“Very few in the Gulf believe the US has ever been committed to human rights in the region, and Biden’s trip to Israel did not surprise anyone in its assertion of unyielding and unconditional support for Tel Aviv at the expense of the Palestinians,” said risk and intelligence specialist Hamdi.

“Furthermore, the trip reaffirmed the perception in the Gulf that the economy matters far more than international human rights in US elections, and that the issue of human rights is a political ‘luxury’ that US presidents draw on for popular support when times are good, and swiftly discard when times are bad. It is worth noting, however, that the crown prince will be frustrated that the Khashoggi murder still dominated the headlines as US journalists kept shouting questions about the issue in public at every opportunity.” 


In an effort to highlight an example of successful joint diplomacy, Biden pointed to the truce in Yemen – the first nationwide truce in six years.

“We agreed to work together to deepen and extend the Yemen ceasefire,” said Biden. “And it’s been in place more than three months, resulting in the most peaceful period in Yemen in seven years. We further agreed to pursue a diplomatic process to achieve a wider settlement in Yemen.”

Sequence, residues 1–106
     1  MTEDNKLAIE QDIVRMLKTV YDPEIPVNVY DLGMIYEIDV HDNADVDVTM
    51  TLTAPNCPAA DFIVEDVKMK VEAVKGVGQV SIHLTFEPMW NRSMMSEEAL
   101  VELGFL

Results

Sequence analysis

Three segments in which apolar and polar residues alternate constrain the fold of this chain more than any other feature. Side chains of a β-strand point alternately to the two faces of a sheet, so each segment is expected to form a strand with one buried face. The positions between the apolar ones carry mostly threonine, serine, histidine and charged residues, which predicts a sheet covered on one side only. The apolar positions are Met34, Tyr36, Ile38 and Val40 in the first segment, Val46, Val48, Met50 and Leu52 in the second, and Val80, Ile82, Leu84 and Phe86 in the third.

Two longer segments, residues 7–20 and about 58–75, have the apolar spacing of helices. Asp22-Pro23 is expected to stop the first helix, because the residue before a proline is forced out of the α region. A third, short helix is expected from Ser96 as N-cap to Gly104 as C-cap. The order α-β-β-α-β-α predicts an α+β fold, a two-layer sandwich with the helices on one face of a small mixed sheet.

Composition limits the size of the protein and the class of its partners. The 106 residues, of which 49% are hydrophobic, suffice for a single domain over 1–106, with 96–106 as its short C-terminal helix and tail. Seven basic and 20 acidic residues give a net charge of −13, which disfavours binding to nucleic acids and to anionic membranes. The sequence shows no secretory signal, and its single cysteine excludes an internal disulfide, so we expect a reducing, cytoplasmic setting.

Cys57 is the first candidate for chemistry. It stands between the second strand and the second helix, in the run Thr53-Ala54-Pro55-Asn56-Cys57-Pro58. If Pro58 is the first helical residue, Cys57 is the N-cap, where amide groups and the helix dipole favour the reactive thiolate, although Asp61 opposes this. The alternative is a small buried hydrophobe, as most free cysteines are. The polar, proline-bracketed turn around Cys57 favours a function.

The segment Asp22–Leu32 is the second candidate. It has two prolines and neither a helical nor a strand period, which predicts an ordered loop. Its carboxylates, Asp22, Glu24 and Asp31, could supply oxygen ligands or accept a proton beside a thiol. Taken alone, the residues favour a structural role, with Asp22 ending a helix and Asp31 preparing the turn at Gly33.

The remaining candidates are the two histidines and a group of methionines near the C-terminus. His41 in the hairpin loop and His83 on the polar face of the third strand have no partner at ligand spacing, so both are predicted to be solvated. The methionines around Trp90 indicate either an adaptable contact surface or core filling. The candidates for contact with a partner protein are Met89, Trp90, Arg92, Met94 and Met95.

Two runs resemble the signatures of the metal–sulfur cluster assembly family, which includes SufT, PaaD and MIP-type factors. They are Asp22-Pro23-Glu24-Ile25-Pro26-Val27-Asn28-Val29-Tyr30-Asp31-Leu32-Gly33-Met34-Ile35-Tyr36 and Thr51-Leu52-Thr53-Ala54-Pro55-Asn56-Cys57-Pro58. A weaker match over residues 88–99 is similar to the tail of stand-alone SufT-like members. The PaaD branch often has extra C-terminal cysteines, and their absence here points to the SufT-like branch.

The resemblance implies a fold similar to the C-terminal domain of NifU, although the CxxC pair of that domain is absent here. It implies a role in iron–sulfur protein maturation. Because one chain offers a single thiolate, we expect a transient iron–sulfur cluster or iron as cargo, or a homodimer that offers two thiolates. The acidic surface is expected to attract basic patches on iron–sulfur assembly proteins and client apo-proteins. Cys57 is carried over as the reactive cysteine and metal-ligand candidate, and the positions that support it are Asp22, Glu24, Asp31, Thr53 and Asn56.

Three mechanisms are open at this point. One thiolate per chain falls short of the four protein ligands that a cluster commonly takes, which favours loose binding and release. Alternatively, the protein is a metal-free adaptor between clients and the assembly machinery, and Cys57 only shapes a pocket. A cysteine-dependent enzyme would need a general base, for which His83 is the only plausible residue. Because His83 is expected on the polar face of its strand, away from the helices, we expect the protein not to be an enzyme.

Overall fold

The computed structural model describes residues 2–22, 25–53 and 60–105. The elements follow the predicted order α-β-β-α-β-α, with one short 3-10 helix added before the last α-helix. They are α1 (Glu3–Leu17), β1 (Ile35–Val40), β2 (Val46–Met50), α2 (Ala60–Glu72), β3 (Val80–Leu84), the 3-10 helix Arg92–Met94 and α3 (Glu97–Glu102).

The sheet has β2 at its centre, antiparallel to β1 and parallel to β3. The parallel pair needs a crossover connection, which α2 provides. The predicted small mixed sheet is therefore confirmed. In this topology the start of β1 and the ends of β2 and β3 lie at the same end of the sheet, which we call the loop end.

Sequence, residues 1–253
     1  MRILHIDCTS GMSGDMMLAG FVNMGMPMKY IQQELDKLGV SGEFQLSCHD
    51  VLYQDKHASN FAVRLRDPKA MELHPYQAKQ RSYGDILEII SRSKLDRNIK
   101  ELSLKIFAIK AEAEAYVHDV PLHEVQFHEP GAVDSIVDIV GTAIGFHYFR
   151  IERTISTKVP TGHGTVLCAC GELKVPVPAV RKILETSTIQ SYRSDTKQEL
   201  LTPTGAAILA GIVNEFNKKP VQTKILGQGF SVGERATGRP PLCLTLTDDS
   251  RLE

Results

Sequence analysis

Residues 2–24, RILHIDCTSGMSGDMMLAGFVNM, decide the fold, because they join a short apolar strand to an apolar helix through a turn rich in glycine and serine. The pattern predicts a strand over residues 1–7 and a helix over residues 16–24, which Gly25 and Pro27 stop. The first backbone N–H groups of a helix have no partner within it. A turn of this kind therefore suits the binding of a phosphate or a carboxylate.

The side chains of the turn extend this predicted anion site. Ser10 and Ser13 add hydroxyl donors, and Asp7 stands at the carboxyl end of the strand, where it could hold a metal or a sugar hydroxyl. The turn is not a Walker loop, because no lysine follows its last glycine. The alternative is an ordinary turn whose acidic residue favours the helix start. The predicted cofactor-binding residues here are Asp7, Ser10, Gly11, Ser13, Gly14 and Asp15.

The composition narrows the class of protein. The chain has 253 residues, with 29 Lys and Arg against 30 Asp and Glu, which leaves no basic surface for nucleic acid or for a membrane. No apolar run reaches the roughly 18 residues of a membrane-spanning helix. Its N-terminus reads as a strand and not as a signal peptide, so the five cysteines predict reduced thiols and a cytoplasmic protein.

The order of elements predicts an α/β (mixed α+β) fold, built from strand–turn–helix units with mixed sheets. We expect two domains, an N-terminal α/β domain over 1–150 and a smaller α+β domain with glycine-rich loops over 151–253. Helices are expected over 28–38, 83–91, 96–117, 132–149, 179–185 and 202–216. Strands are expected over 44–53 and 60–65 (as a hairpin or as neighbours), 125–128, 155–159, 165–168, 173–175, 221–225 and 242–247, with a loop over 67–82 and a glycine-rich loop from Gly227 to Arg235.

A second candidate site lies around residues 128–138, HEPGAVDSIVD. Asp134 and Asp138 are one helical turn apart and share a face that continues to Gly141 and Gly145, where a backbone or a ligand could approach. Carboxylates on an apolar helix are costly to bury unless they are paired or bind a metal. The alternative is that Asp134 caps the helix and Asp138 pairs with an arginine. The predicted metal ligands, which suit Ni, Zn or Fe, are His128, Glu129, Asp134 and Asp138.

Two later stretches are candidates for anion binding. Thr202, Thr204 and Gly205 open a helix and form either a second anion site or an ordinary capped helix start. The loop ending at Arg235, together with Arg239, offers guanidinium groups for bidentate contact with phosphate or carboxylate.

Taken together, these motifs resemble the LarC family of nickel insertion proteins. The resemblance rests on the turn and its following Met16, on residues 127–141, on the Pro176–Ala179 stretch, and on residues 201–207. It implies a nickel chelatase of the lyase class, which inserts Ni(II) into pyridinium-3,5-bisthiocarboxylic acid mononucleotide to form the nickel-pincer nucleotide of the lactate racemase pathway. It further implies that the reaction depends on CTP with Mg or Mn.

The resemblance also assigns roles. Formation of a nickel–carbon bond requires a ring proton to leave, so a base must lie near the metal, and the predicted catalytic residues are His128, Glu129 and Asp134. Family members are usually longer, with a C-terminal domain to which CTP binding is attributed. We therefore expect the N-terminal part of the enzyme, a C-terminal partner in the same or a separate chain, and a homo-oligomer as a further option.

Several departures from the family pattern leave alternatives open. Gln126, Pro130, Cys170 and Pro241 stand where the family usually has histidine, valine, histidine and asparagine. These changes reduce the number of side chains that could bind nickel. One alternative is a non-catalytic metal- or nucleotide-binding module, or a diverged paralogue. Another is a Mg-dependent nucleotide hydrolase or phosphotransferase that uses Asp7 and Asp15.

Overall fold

However, no tangible details were shared. “I think the one key challenge for Saudi is that they’ve got themselves into a mess in Yemen and there are a lot of people in Washington who don’t want closer ties with Saudi,” said the University of Birmingham’s Lucas.

“But the big issue is that if the Saudis continue to kill civilians in Yemen then they’re in a cul-de-sac with no apparent exit and that’s what the Americans want – they want the Saudis to have to look for a political resolution.”

Undoubtedly, Biden’s visit to Saudi has delivered a PR coup to the kingdom in helping to rehabilitate its image on the world stage.

However, analysts remain circumspect about to what extent this will translate into future foreign investment, which took a sizeable hit in the wake of the Khashoggi killing because of concerns over the prospect of reputational risks and sanctions.

“There is no doubt that Biden’s visit has highlighted Saudi Arabia’s enduring relevance, and that the Saudi crown prince cannot be ignored,” said Hamdi.

“Yet, investors will be concerned that the headlines were less about Bin Salman’s ‘victory’, and more about the Khashoggi issue and human rights. The scenes of journalists relentlessly shouting questions about Khashoggi and human rights will temper the extent to which this visit restores any investor confidence regarding reputational risks of doing business in Saudi Arabia.”